On a smallish plot of land sits a beautiful house, mostly in ruins. It’s a classic example of American Gothic Revival, with spiked minarets at the peaks of the steep roof and pointed arch windows. It’s also probably haunted.
Everyone who lives in the East Bay knows of, has seen, or at least passed by Longfield at 1200 Hope Street, an unsettlingly creepy house that’s been the subject of much speculation and urban legend over the years. People around town will swear it’s haunted, though by what, nobody can seem to agree; some say it’s full of the ghosts of slaves that died in the care of the owners, the DeWolf family, and others say it is the ghosts of the DeWolfs themselves. Either way, as a kid, you’d win bragging rights for making it as close as the front porch. Just looking at the house in its current state, one could certainly imagine a spirit or two rattling around inside.
Constructed in 1848 by Charles Dana Gibson and Abbey DeWolf, the house originally existed on 60 acres of land. Abbey’s father, James DeWolf, famous (or rather, infamous) for making his money in the slave trade, originally owned the land, which Abbey inherited after his death. The house was nicknamed “Longfield” because of its long, unobstructed view of Narragansett Bay. It stayed in the DeWolf family for almost a century and a half but was sold by Daniel Gibson Knowlton in 1972. Later that year, it was accepted onto the National Register of Historic Places.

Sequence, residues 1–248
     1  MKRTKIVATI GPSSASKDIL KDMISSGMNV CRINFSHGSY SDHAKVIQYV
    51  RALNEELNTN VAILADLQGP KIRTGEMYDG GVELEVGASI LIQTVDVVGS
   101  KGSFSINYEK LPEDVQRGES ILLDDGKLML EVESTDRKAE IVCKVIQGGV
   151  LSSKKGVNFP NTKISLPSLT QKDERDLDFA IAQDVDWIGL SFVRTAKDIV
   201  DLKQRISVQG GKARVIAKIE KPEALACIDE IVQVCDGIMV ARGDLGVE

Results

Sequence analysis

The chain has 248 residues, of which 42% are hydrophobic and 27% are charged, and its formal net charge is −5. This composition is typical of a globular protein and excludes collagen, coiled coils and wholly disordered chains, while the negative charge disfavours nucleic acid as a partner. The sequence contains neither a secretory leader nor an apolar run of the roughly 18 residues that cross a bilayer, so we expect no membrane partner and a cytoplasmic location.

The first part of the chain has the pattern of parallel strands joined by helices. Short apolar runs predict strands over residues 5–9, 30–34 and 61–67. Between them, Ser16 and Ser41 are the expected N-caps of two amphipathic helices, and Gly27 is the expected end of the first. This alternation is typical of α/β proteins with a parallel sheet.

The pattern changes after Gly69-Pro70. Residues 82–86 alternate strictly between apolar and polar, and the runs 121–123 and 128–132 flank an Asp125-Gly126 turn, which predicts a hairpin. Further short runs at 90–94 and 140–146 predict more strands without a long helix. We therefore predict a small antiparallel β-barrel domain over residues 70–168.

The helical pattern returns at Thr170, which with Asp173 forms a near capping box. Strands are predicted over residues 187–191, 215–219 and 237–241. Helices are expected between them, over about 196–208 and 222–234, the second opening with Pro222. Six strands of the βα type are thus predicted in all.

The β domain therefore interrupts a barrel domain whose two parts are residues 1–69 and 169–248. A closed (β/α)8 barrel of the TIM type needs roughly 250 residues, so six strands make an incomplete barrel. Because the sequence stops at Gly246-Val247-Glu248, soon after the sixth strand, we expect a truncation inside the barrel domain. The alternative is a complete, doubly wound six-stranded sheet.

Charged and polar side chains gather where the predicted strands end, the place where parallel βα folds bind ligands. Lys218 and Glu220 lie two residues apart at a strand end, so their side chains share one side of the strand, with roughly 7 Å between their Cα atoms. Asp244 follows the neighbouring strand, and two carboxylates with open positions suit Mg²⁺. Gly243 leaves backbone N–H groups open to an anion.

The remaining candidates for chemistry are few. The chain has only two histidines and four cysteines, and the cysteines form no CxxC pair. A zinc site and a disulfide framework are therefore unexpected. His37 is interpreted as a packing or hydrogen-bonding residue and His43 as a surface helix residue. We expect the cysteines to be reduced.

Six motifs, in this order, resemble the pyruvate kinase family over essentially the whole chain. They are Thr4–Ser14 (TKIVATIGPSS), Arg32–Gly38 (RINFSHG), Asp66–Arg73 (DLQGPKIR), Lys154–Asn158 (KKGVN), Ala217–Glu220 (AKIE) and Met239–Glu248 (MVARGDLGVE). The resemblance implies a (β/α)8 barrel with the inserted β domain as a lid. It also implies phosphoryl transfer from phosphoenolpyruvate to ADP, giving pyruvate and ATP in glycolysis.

The house has been on and off the market since then, changing hands several times. The land has been divided and subdivided to the point that the property now exists on just over an acre. Several plans were made to restore the home, but it seemed no one had deep enough pockets to accomplish the task, until now.
An offer has been made on the house, and once permits and paperwork have been signed and submitted, the deal will close. Coldwell Banker Sales Associate Dory Skemp assures that the plans for Longfield are to return the estate to its former beauty, using as much of the original interior and exterior as possible and banishing those rumors of hauntings. The buyer, an out-of-stater, hopes to make it into condominiums, but one thing is for sure: he has a lot of work ahead.